Wednesday, 20 May 2015

cloudy with a chance of...


Really there's very little doing here. The days have their routine and it rarely changes. There's work and school and home and dog walking and all those other mundane (essential) parts of life. Sometimes I wish things would pep up, just a bit, but mostly I like life just as it is. Dark clouds and all.
We seem to be having an unbelievably cold, wet and windy May. But apparently some chap in New Zealand has said it'll be alright and next month will be better. You could sniff at the thought of the chap in New Zealand predicting the weather but I'm thinking I could do worse than a) believe it and b) get a hold of The Walker's Guide to Outdoor Clues and Signs by Tristan Gooley and find out for myself what my local environment is trying to tell me. But even I know what those big black clouds mean....

Friday, 15 May 2015

good enough for me




This week has beetled along and now we're facing the weekend. It has stayed cold, windy and wet and I had to really make myself get up and out for my morning walk to the lake as it was just so miserable. Needless to say I enjoyed it in the end, especially the little roadside clumps of bluebells and dainty white flowers.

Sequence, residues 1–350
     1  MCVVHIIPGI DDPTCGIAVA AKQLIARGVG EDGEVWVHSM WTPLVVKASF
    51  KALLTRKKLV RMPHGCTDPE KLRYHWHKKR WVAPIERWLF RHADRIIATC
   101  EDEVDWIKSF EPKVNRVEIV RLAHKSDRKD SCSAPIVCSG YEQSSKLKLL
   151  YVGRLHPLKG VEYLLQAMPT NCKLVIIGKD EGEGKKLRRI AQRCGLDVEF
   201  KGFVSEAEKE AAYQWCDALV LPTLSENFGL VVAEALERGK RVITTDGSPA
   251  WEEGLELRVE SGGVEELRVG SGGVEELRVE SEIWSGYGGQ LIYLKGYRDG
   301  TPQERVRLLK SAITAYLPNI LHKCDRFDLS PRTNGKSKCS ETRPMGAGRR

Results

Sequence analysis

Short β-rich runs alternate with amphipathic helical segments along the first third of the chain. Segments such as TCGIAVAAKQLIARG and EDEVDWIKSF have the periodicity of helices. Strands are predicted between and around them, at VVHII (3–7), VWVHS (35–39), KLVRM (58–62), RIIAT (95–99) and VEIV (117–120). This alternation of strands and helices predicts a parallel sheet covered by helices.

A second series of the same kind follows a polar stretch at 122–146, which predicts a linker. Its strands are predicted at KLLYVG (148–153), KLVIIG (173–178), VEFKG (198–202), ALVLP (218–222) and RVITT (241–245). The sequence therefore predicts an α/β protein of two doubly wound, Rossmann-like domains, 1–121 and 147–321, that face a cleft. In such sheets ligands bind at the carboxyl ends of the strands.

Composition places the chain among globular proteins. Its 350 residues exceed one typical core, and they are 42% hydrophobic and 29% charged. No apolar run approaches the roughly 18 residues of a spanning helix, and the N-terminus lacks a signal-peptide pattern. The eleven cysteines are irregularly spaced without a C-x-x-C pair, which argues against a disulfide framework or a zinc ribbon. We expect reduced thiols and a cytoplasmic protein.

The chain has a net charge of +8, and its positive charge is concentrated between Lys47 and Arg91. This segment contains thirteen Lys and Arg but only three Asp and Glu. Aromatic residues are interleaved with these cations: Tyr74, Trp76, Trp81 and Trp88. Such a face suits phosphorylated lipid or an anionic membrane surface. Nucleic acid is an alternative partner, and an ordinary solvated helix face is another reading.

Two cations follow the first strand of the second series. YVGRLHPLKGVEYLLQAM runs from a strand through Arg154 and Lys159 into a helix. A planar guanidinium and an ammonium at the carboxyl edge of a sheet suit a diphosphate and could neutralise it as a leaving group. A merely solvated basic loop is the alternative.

These chilly days are punctuated by lots of time baking in the kitchen ~ fruit loaf, bread, cheese and herb scones, sticky date squares, a celebration cake (filled by special request with chocolate ganache and mini marshmallows) as well as sensible and nourishing pots of warming soups. Of course the boys love this and it gives me a lot of pleasure to see them enjoying it all. Our evenings are spent in a comfortable huddle in the warm sitting room where there's reading and game playing and the odd bit of squabbling to oversee. It is sometimes hard to remember the value of these small things, to hold on to the fact that being here for them, just being their mum and doing 'mum' things like sewing on Scout uniform badges and reading their bedtime stories is good enough.


Monday, 11 May 2015

squally showers

There are clouds in the sky. Clouds (with rain, not those high, wispy, friendly ones) and lots of cold wind. The wind blows up suddenly, bashing at the windows and makes me run around the house closing them frantically. The rain is trying to get in. No, it really is. It's hammering at the doors and doing that sneaky rain thing of seeping. What the heck is going on? It's May. May!!!! for goodness sake (shaking fist at the sky).  Where are the blue skies, the swooping swallows (well, actually I know where they are - shivering in the shed next to our house), the frothy swaths of cow parsley? Is this just here? Has May forsaken us? Is she dancing and dusting other places with sun speckles and pollen? Grumble.